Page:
To know what travelers want in 2015, just listen to what they said in 2014.
They punished airlines with a 69 out of 100 on the authoritative American Customer Satisfaction Index. That’s a “D+” letter grade – yet it’s the highest they’ve managed to score since the index started in 1995. Hotels? A 75, only a “C.” Online travel agencies ranked slightly better with a 77.
Yes, everyone likes to complain about travel. But it doesn’t have to stay that way.
Airlines, car rental companies and hotels claim they can divine our future travel desires with data. But crunching numbers isn’t the same thing as listening to customers. Curiously, travelers continue to say the same thing: They want a quality service at a fair price. And there are signs some companies are finally paying attention.
Could it turn into a trend in 2015? Maybe.
Travel companies are studying your spending patterns to predict what you want, and what you’re willing to pay for. “Personalized marketing and targeted product design are extremely powerful opportunities,” a survey by the Future Foundation and the World Travel & Tourism Council concluded. Indeed, “big data” are the buzz at every travel industry conference, as if they are the solution to all our problems.
Yet big data can’t begin to paint a portrait of our misery. And that misery boils over into outrage when we overlay the travel industry’s questionable customer service record with its recent profits. Vast sectors of the travel industry are wrapping up their best year in memory. Yet customers feel violated. Nowhere is that raw anger more visible than among airline passengers.
“Fees for checked luggage, onboard meals and legroom, are just signals that the traveler is a target for the airlines’ bottom line,” says Margaret King, director of the Center for Cultural Studies & Analysis, and a frequent airline passenger. “Travelers are the perfect captive audience. Instead of feeling cared for, fliers feel jerked around and exploited.”
The airline industry’s response – indeed, the entire travel industry’s response – is to blame us. You asked for low prices, so we gave you rock-bottom fares, hotel rates and “free” product, as long as you participate in our confusing loyalty programs. Why are you complaining?
But that’s disingenuous. Customers have always wanted low prices. Technology just helped travelers find them. It is perhaps a little ironic that the travel industry is trying to use technology to neutralize the customer advantage, predicting how much we’re likely to spend while at the same time concealing the real cost of its product to make comparison-shopping harder.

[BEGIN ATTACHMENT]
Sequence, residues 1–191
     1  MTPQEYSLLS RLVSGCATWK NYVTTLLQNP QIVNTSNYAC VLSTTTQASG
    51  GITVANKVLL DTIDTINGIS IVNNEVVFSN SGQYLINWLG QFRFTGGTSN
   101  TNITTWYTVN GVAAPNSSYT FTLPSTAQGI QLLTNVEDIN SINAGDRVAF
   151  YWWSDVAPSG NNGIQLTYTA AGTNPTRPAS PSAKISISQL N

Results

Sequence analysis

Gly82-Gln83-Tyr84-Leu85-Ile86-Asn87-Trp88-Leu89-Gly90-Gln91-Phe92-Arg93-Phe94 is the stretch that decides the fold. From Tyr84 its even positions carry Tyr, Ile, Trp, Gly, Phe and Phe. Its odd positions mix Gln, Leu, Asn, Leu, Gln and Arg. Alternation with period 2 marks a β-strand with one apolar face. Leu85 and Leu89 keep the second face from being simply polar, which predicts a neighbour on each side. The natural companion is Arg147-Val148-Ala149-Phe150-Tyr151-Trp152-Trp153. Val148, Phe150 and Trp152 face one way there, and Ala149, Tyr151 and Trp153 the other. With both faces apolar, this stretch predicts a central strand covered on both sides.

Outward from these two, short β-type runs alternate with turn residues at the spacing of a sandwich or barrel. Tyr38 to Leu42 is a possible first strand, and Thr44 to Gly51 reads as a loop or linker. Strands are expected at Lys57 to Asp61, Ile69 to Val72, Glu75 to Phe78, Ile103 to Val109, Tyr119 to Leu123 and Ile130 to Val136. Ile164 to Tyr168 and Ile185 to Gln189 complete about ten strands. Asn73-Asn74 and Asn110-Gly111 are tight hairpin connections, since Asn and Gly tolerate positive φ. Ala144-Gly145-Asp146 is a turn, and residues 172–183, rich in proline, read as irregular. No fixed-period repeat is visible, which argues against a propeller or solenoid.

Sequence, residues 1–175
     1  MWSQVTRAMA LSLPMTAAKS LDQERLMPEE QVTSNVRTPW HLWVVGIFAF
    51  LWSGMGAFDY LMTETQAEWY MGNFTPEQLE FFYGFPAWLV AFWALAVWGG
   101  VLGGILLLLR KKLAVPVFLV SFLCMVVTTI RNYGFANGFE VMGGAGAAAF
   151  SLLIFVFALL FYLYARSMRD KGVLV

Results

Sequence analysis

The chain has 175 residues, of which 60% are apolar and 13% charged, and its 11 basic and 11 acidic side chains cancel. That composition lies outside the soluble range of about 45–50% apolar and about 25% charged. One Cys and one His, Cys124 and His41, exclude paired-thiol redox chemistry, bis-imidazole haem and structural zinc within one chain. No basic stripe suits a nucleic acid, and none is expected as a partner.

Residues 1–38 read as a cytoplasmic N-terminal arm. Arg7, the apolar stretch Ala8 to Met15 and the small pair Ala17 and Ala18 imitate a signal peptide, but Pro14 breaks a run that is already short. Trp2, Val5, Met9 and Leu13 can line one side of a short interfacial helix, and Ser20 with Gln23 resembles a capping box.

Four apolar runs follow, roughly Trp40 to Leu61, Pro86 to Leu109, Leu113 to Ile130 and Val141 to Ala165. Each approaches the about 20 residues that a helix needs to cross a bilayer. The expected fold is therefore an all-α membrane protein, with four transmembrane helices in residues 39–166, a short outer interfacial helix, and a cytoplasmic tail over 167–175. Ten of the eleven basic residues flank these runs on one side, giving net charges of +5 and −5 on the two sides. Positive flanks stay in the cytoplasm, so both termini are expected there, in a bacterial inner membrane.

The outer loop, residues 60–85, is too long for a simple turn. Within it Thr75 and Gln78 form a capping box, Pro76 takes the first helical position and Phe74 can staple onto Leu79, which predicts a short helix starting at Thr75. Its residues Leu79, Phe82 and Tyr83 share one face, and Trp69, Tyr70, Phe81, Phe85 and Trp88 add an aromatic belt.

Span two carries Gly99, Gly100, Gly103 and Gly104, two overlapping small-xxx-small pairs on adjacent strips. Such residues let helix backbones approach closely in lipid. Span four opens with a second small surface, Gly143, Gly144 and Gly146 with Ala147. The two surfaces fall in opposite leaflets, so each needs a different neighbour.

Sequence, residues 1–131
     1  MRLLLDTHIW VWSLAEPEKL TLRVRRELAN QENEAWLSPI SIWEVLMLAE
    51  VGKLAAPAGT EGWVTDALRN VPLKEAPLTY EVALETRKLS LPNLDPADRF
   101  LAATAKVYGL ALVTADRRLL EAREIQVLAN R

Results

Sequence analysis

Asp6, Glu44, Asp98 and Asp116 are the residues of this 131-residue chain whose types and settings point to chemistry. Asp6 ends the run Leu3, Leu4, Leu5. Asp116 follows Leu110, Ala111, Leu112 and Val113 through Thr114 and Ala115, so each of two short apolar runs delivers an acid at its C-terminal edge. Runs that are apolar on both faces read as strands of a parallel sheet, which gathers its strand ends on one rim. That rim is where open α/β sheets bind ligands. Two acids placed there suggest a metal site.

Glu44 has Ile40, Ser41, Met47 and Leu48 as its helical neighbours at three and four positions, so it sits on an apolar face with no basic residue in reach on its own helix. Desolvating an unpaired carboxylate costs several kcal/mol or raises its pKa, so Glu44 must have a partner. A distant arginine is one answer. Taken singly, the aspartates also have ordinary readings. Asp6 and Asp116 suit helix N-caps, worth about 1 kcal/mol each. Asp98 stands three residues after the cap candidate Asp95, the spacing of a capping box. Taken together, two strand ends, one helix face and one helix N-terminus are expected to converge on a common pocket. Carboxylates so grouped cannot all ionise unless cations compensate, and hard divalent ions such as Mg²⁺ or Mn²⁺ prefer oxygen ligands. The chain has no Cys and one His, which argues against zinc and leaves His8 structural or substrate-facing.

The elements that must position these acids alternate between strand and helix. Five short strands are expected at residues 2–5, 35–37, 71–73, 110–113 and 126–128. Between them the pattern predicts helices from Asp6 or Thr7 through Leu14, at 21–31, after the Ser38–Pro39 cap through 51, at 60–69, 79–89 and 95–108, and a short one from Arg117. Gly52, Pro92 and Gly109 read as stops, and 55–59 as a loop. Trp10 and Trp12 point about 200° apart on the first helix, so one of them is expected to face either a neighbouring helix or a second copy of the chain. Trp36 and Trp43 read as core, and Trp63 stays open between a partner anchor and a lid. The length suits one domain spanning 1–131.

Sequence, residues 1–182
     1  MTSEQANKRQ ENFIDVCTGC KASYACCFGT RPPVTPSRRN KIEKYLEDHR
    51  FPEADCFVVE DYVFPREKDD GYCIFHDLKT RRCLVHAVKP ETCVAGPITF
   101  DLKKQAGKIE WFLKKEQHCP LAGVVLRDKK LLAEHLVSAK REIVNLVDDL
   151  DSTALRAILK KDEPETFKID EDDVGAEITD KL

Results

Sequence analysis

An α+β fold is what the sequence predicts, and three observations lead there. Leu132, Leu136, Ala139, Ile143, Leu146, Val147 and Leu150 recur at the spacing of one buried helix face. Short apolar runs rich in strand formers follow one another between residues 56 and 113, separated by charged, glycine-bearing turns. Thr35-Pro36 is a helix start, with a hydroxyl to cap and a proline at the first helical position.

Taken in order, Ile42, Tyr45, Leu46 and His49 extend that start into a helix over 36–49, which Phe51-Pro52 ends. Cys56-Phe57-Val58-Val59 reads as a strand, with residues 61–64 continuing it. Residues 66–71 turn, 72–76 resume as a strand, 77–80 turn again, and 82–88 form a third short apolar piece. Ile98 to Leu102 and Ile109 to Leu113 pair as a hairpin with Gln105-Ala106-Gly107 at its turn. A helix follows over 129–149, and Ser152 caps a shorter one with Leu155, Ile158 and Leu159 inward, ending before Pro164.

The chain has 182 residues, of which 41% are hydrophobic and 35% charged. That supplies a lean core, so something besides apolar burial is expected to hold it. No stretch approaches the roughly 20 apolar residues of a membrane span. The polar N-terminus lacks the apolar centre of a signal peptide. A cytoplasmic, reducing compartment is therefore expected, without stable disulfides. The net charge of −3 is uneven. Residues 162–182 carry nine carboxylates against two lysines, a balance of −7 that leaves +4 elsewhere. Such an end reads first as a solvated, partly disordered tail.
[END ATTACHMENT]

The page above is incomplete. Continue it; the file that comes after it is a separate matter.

Travelers don’t want to be blamed, and they don’t want to be gamed. They want to be treated like human beings.
“I’d like a minimal amount of customer service,” says Barry Maher, a frequent traveler and author of the book Filling the Glass: The Skeptic’s Guide to Positive Thinking in Business.”I’d like them to actually provide it, rather than just talk about it. I’d like them to actually consider how their next greedy decision to cut leg room or remove padding from ever more uncomfortable seats might impact the people who provide the revenue they’re so focused on.”
There’s some evidence that the industry’s worst performers know they’ve crossed an important line. Last month, American Airlines reversed a decision to add more seats to its regional jets. The carrier had expected to make “tens of millions of dollars” by increasing the number of seats from 76 to 81 on the smaller planes. Although the reversal wasn’t for customer-service reasons, but to placate its pilots during a contract negotiation, there’s no doubt passengers will benefit.
Oddly, one of the most hopeful signs is the industry’s lack of action. For example, Southwest Airlines still doesn’t charge for the first checked bag. Several hotel chains, some of them relatively affordable, continue to include Wi-Fi and breakfast in the cost of their rooms instead of charging extra for everything.
The solution to all this is actually pretty easy. Enough with mining vast amounts of data from so-called “loyalty” programs and other personal information collected without your explicit consent. Instead, why not listen to your customers?
Better yet, why not walk a mile in your customers’ shoes? Sit in economy class. Sleep in the small rooms and eat the day-old muffins for breakfast. Drive the little cars and pay the high fees and surcharges that come with it. No algorithm can help an executive understand what the customer wants more than a day spent consuming their own product.
“It’s time for the travel industry to become more customer-focused,” customer service expert Shep Hyken says.
So true. And what a perfect New Year’s resolution.
How to get better service in 2015
Book from companies that still care. By throwing your support behind a company like Southwest Airlines or Marriott, which are known for having reasonable fees and better service, you can cast a vote for treating customers well.
Shun companies with poor service ratings. According to the ACSI survey, the list includes United Airlines (60), American Airlines (66) Wyndham (72) and Best Western (74).
Tell a friend. Word of mouth reviews have more power than ever to reward companies that get it — and to put the bad ones out of business. Spread your opinions offline and online if you want service to improve. And fill out those customer surveys. People do read them.